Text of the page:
We disembarked the train and were welcomed to Agra by colorful costumed dancers and musicians who grabbed our hands and insisted we dance. The drive to the Taj took about 30 minutes through thick and teeming, horn beeping traffic.

Our first view of the fabulous structure was from one of the gardens. We were astonished at the few numbers of visitors to the monument. The gardens are well kept. We observed women in traditional garb on their knees weeding the lawn.

.The minarets appear to be almost equal in height to the Taj but that is an intentional optical illusion created by the architects.

We were not allowed to take anything into the Taj that had a sharp point. Inlaid in the stones are precious jewels that have been pried loose by looters. The entire structure is heavily guarded. Our feet had to be covered to avoid soiling the marble floorings

More view of the Taj

The entrance is stunning, all of the work by hand

The only domes larger than this are St Peter’s and Hagia Sophia

The pool extending from the entrance to the front gate

A very sacred mosque is adjacent the Taj, on the same platform.

The Taj was built in a curve of a river because the river does not erode in the curve and its foundation would be protected.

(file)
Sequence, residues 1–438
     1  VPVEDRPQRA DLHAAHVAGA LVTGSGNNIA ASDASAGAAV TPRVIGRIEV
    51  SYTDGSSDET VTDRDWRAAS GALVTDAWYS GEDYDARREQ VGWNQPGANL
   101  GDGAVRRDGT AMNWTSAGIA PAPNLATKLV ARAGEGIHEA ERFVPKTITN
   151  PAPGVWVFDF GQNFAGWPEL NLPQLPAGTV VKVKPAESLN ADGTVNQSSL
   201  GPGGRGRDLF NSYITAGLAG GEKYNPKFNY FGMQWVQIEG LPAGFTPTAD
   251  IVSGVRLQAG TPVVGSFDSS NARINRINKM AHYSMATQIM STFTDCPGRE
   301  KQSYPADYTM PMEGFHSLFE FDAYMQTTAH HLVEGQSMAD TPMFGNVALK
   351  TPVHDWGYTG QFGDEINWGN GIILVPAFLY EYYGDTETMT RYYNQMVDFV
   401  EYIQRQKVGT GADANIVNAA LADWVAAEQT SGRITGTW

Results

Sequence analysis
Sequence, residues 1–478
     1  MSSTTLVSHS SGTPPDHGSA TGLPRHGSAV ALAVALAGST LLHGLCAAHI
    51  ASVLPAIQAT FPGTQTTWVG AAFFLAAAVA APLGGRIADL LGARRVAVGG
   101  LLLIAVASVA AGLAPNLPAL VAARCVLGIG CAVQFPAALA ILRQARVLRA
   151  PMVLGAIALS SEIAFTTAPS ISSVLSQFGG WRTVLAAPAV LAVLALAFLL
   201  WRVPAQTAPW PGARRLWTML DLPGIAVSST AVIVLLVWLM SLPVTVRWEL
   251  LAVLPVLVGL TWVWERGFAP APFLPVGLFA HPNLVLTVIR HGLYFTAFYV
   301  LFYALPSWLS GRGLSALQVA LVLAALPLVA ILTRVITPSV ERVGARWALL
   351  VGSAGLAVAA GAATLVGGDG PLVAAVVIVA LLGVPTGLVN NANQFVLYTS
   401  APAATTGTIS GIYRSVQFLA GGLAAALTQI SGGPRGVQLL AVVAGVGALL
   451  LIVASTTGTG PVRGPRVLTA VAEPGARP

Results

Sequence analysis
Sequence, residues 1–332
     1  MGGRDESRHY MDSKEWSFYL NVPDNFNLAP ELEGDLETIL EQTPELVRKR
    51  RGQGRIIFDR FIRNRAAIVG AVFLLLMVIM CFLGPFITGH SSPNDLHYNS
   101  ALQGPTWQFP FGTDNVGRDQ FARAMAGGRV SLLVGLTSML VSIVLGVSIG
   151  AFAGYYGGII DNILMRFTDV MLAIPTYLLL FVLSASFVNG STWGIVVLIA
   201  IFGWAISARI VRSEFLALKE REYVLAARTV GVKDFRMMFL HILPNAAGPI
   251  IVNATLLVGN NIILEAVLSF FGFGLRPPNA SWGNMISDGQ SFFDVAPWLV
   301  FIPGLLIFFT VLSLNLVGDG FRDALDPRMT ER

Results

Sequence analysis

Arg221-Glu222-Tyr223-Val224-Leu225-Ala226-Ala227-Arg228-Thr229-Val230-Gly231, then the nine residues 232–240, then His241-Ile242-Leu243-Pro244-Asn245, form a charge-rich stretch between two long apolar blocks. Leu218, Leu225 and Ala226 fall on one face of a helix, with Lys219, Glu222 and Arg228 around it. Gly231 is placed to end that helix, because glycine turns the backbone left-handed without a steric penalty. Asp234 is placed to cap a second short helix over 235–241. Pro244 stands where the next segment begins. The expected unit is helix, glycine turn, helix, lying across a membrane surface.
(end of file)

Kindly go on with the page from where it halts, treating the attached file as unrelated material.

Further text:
From the Taj we were driven to Agra Fort, a UN Heritage site. This fort, along with others saw, were called forts by the British but were actually housing for soldiers. The mughals (mongols) built the forts and placed cannons on them which were fired with gunpowder obtained from the Chinese. We should not forget that the Mongols, who came from the asiatic steppes, had access to the inventions of the Chinese.

The walls are made of sandstone

Inside the fort the architecture is impressive

This stunning shot of the Taj through one of the fort portals

Below, examples of muslim architectural themes incorporated by the mughals.

Departing Fort Agra at sunset

We returned to the train, visited with new friends and had a delicious fish dinner. The Indian food is good and tasty but a bit too spicy for our palates. We were constantly asking of food on the menu, “Is it spicy?” and were told each time, “Just a little.” Well, “just a little” to Indians was a bit much for us.